Overall New Writings in SF 9 is superior to New Writings in SF 4 (1965) but probably only satisfying for Coney and Harrison completists….
Note: this title refers to the 1972 US publication which was a best of earlier volumes. Another volume by the same name was published in 1966 in the Continue reading
(Cover for the 1975 edition of The Hellhound (1975), Ron Goulart)
Over the past year or so I’ve explored the artists behind Doubleday Science Fiction—from the early art of The Brothers Quay, who later became well-known directors of experimental short film, to an interview with artist Emanuel Schongut. I’ve included the links to other posts in the loose series below.
Anita Siegel (1939-2011) was a Brooklyn based artist best known for her “sardonic collages seamlessly combining pictures into biting satires” (from her obituary). Her work also featured in the New York Times Op-Ed page (especially during Continue reading
Dear readers, thank you all profusely for your comments, words of thanks, and emails over the year. It is my overarching goal to inspire you all to read more SF from the 50s-70s, dust off the boxes of your parents’ books in some forgotten closet, browse the shelves at your local used book store (or favorite online store), reflect on the often fascinating cover art…
2016 was not the most productive reading/reviewing year as my PhD dissertation defense date rapidly approaches. For the purposes of maintaining my sanity, reading and writing about SF remains my primary relaxation hobby—surprising perhaps as I read a lot of depressing SF that wouldn’t be “relaxing” for most people. According to Megan at From Couch to Moon I like my fiction “moody, broody, meta, and twisted.”
And other than a few satires here and there, my favorite SF reads of 2016 fit firmly within Megan’s descriptors.
- The Affirmation, Christopher Priest (1981)
- The Infernal Desire Machines of Doctor Hoffman (variant title: The War of Dreams), Angela Carter (1972). Review forthcoming
- The Dream Millennium, James White (serialized 1973, novel 1974)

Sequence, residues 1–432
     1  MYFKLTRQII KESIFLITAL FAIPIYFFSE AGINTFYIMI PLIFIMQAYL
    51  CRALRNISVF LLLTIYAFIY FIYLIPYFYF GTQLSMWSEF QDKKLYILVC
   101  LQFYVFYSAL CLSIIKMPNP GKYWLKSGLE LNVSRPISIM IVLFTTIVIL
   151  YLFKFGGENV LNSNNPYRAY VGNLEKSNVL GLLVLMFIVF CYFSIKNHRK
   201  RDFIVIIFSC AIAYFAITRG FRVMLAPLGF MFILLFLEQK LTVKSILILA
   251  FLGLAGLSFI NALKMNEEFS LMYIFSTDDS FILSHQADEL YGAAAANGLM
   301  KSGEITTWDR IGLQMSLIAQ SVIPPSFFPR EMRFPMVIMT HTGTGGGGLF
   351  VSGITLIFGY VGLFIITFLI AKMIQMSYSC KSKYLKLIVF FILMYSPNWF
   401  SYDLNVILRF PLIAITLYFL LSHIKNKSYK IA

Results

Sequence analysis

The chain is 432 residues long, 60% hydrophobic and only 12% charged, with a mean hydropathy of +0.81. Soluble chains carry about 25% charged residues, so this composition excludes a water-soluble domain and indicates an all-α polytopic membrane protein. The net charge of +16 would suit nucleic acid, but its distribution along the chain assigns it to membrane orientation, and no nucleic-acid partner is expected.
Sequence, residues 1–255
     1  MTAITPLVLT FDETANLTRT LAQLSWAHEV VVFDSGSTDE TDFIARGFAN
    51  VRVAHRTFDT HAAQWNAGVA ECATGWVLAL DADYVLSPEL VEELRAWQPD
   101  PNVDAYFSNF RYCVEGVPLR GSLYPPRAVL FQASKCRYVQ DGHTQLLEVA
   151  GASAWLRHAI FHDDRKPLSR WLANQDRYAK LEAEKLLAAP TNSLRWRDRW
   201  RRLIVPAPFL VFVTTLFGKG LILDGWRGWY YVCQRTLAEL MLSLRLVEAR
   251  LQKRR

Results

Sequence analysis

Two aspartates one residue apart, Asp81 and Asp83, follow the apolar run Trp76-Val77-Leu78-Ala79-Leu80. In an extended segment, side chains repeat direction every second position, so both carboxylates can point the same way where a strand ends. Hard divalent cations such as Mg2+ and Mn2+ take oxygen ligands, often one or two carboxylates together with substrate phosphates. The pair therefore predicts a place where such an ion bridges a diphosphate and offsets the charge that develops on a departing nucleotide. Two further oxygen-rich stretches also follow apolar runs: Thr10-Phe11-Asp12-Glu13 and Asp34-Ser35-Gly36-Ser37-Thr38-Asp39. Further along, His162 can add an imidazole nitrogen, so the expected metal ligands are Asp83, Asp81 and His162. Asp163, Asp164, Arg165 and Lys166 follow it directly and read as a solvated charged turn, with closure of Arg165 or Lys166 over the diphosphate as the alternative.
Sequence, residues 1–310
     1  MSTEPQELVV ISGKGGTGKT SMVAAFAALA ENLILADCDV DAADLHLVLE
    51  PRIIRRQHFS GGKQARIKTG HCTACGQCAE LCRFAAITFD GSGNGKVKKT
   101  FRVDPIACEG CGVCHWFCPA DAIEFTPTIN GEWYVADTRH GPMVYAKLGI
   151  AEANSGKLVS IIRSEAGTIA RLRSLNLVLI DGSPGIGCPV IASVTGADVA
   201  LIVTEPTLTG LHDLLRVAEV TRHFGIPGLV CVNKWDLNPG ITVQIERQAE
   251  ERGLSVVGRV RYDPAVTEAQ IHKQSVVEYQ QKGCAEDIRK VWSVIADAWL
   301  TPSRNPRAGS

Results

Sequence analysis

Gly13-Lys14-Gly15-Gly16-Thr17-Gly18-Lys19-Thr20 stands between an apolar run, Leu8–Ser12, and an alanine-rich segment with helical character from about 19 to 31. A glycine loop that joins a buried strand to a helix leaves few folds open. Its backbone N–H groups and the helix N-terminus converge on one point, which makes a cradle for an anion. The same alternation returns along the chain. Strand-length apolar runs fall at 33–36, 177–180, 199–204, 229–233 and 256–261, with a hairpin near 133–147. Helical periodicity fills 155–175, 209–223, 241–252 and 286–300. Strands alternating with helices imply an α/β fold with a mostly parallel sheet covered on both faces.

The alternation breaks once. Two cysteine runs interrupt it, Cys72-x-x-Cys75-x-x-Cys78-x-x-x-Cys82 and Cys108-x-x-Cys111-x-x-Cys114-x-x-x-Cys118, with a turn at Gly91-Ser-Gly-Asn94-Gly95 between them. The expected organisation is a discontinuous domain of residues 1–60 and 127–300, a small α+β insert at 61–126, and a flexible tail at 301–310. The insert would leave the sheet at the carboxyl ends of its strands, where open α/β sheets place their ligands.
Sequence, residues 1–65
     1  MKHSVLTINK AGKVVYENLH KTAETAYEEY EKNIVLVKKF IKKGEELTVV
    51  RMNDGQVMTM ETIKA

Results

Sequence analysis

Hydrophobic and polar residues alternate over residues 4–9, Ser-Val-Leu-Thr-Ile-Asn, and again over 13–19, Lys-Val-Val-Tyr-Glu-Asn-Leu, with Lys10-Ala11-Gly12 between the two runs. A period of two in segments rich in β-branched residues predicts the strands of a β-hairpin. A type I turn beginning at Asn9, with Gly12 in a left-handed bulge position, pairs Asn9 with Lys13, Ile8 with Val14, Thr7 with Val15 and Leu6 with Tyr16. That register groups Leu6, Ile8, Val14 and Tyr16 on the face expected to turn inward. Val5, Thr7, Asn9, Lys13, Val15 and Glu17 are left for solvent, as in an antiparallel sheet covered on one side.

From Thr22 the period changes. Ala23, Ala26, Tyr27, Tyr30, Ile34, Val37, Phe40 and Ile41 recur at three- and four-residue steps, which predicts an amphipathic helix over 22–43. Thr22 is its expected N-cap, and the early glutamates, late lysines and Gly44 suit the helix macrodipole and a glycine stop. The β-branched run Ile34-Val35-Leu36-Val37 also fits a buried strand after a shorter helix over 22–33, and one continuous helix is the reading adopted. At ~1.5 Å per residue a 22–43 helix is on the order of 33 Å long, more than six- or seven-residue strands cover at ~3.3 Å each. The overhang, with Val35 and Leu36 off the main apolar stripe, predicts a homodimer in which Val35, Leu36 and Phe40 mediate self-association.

- The Committed Men, M. John Harrison (1971)
Procuring SF paperbacks never gets old! I have started scanning in the covers (two of the four below) in order to provide higher quality images (click to zoom)— especially if they are hard to find images online and/or I find them aesthetically pleasing (Powers + Lehr in this post).
Let me know if the change is worth it!
Josephine Saxton: Despite reading The Hieros Gamos of Sam and An Smith (1969) years ago, my mind still traces the imprint of its strange ritualistic beauty . Her short fiction was published in a range of SF magazines and collections from 1965 to 1992. I have tracked down a copy of her first collection. Despite its 1985 publication date, eight of the fourteen stories were published in the 60s/70s.
Harry Harrison: A “classic” author whose work I need to explore more: I’ve read Deathworld (1960), attempted to read Make Room! Make Room! (1966) and A Transatlantic Tunnel, Hurrah (1972) at least three times, and Lifeship (1976), which he co-wrote with Gordon R. Dickson. I’ve encountered his short fiction here and there and found “By The Falls” (1970) a satisfying New Wave endeavor. Time for more short fiction!
New Worlds Anthology: I want all of them, end of story.
And finally, the selection bound to surprise and confuse my regular readers…. Aliya Whiteley: Despite my various protestations, I have not stopped reading new SF entirely. And I couldn’t resist finding a copy of Whiteley’s well-received fungal nightmare…. If you’re curious see Jesse’s review over at Speculiction.
1. Prime Number, Harry Harrison (1970)
(Paul Lehr’s cover for the 1970 edition) Continue reading
(Bruce Pennington’s cover for the 1971 edition)
4.25/5 (Very Good)
One of the previous owners of my copy of M. John Harrison’s The Pastel City (1971) must have harbored a pernicious grudge against corroded landscapes and nebulous morals. So much in fact that they propped up the first volume of the Viriconium sequence against a tree and used it for BB gun target practice. I am still trying to identify the cause of the book’s other wounds… [pictorial evidence below].
As one can expect from Harrison, decadence and decay seeps from the quires of The Pastel City as characters try to create meaning, or grasp hold of half-formed Continue reading